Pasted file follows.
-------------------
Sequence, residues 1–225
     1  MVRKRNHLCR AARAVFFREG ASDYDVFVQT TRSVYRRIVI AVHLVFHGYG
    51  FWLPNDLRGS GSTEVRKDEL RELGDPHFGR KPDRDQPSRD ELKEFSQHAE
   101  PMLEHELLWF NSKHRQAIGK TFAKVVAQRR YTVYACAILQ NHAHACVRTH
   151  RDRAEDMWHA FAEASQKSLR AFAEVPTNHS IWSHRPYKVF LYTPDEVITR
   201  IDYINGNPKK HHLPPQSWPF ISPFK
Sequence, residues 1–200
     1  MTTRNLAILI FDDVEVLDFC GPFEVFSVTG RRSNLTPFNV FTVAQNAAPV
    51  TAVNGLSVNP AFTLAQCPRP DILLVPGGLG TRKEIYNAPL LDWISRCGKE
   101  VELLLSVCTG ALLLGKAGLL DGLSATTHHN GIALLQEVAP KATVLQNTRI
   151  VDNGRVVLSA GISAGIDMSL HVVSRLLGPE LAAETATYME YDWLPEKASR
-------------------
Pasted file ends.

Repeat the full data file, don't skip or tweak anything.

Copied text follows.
Sequence, residues 1–225
     1  MVRKRNHLCR AARAVFFREG ASDYDVFVQT TRSVYRRIVI AVHLVFHGYG
    51  FWLPNDLRGS GSTEVRKDEL RELGDPHFGR KPDRDQPSRD ELKEFSQHAE
   101  PMLEHELLWF NSKHRQAIGK TFAKVVAQRR YTVYACAILQ NHAHACVRTH
   151  RDRAEDMWHA FAEASQKSLR AFAEVPTNHS IWSHRPYKVF LYTPDEVITR
   201  IDYINGNPKK HHLPPQSWPF ISPFK
Sequence, residues 1–200
     1  MTTRNLAILI FDDVEVLDFC GPFEVFSVTG RRSNLTPFNV FTVAQNAAPV
    51  TAVNGLSVNP AFTLAQCPRP DILLVPGGLG TRKEIYNAPL LDWISRCGKE
   101  VELLLSVCTG ALLLGKAGLL DGLSATTHHN GIALLQEVAP KATVLQNTRI
   151  VDNGRVVLSA GISAGIDMSL HVVSRLLGPE LAAETATYME YDWLPEKASR